Why I hold OnePlus to a higher standard
Probably one of the most influential smartphone makers in the tech-enthusiast sphere, OnePlus has been on everyone’s minds in one way or another in recent months. With the Nord taking the Internet by storm thanks to OnePlus’s unrelenting media blitz, I have started to realize why I feel I have been overly critical of the company at times. I purchased the OnePlus 3 and the OnePlus 6 with my own money, and I remember back then having to go over pieces I had written to dial things back a bit of my own volition. In some ways, I was harsh—overly so at times—in ways that I wouldn’t be when talking about other device makers.
OnePlus’s own origin story is tied to XDA history, with the OnePlus One shipping with Cyanogen OS, a commercialized version of the now-defunct CyanogenMod. The OnePlus One was, in pretty much all aspects, the enthusiast’s device. I remember at the time trying to get my hands on an invite, though I failed and had to settle for the Nexus 5 at the time. The irony of the “Never Settle” mantra at the time was not lost on me, given that it was extremely hard to actually get the device that I wanted. The OnePlus One certainly had its own fair share of compromises, but they were easy to ignore given the value on offer. Of course, OnePlus would then later go on to engage in a series of rather questionable advertising campaigns. Matters were made even worse with the launch of the OnePlus 2, which launched without NFC.
Even throughout this whole ordeal, OnePlus was still an enthusiast’s favorite. Bootloader unlocking, software images to fix your phone if it breaks, and in the case of the OnePlus One, two operating systems that you could choose from — these were enough to keep people hooked. When their deal fell through with Cyanogen, OnePlus began to develop what would become known as OxygenOS, and you could choose either Android variant to flash on your device. XDA forum users were finally being catered for directly by a company, something that hadn’t really been done before past the Nexus series of devices. Even then, Nexus smartphones were aimed at developers primarily, while OnePlus tried to cater for both developers and enthusiasts alike.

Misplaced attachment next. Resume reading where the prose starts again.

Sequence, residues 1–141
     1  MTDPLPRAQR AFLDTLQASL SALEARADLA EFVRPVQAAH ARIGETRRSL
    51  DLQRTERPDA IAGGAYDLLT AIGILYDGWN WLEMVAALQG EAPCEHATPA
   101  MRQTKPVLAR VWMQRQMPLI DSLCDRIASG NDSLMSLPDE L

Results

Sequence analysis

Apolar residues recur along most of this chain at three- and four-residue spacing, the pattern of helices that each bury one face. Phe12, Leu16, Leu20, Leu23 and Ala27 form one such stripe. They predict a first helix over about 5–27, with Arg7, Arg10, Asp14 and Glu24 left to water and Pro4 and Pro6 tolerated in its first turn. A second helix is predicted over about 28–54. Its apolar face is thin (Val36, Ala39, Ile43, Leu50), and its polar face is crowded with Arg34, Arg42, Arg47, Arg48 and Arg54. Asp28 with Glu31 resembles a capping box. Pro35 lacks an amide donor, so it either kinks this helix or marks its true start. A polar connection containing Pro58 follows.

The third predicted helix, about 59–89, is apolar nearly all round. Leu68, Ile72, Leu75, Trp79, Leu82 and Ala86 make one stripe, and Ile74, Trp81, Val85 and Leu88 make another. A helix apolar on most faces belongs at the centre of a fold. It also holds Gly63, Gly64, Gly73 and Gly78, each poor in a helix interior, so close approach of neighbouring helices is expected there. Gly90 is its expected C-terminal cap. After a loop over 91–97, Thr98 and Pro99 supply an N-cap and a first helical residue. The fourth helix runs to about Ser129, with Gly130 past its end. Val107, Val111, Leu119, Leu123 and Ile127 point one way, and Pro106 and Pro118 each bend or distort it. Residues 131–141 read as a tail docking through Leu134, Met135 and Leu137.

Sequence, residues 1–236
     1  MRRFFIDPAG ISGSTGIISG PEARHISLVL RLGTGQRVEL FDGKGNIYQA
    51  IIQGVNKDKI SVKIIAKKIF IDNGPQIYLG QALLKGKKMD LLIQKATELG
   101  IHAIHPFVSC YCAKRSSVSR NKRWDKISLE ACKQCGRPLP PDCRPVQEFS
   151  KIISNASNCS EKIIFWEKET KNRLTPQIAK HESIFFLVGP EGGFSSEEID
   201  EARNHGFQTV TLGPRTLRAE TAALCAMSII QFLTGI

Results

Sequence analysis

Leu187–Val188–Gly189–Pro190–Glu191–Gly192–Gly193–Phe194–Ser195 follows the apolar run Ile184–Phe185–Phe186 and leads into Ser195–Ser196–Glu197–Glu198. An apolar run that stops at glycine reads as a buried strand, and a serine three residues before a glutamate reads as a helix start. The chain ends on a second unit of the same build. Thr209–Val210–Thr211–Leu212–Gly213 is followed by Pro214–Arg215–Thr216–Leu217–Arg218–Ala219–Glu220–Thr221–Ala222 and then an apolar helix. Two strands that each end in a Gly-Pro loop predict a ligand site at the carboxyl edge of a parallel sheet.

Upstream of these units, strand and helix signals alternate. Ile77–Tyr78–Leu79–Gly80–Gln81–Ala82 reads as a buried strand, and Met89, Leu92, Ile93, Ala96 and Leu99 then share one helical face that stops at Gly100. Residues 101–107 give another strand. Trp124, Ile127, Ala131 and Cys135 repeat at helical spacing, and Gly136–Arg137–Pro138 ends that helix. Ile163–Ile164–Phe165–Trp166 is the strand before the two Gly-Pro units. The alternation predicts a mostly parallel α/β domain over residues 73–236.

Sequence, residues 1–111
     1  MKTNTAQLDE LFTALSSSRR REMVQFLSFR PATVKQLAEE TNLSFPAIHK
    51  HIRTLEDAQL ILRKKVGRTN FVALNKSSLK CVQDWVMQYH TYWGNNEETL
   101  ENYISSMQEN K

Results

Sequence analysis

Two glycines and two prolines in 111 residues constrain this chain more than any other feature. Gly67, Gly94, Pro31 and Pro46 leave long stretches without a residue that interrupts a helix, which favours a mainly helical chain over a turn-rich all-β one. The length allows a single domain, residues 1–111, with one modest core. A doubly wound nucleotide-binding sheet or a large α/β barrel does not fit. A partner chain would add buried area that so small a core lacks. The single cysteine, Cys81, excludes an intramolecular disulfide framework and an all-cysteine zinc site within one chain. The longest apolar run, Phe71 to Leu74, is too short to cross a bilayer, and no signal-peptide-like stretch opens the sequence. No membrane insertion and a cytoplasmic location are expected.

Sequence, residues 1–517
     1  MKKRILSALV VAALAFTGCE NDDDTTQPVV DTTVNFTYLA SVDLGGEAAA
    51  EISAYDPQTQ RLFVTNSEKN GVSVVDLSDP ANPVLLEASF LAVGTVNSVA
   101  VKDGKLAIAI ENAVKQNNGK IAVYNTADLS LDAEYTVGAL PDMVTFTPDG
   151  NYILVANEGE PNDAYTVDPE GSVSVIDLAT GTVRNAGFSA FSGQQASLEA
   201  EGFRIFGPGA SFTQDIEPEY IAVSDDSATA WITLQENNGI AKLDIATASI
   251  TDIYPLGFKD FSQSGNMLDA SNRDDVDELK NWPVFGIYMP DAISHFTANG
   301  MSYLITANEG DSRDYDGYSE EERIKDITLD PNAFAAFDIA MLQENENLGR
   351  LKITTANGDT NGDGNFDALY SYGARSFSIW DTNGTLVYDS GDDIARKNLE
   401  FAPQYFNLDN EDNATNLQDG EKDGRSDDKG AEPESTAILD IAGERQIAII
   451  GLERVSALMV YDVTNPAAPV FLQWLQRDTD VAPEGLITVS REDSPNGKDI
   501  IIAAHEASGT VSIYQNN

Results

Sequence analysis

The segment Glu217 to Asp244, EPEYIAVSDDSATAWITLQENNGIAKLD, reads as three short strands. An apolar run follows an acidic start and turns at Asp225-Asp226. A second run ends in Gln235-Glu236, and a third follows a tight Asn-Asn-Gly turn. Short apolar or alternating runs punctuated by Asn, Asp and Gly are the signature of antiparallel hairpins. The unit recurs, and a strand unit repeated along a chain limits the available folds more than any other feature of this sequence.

OnePlus has had a long and turbulent history, which puts it in a rather unique position from the viewpoint of an enthusiast like you or me.
The OnePlus 2 and the OnePlus X set the company back considerably
Following the success of the OnePlus One, the OnePlus 2 was riding on the coattails of greatness. However, it failed to stick the landing. On paper, it was arriving without NFC, which riled up members of the enthusiast community considerably. However, when it arrived, things went from bad to worse. OnePlus was calling this device the “2016 flagship killer”, despite it launching in 2015, and it cost a decent bit more than the predecessor. It also came with the now-infamous Snapdragon 810, though it was admittedly a revised one that didn’t run as hot. OxygenOS did have some cool features, but it didn’t come with features that the users wanted. The drama finally reached its apex when end-users discovered that, despite being promised two years of updates, the “2016 flagship killer” would not get the 2016 Android version—Android Nougat. The company had gone back on one of their initial sales promises, and to enthusiasts who love getting smartphone updates, this was a grave error.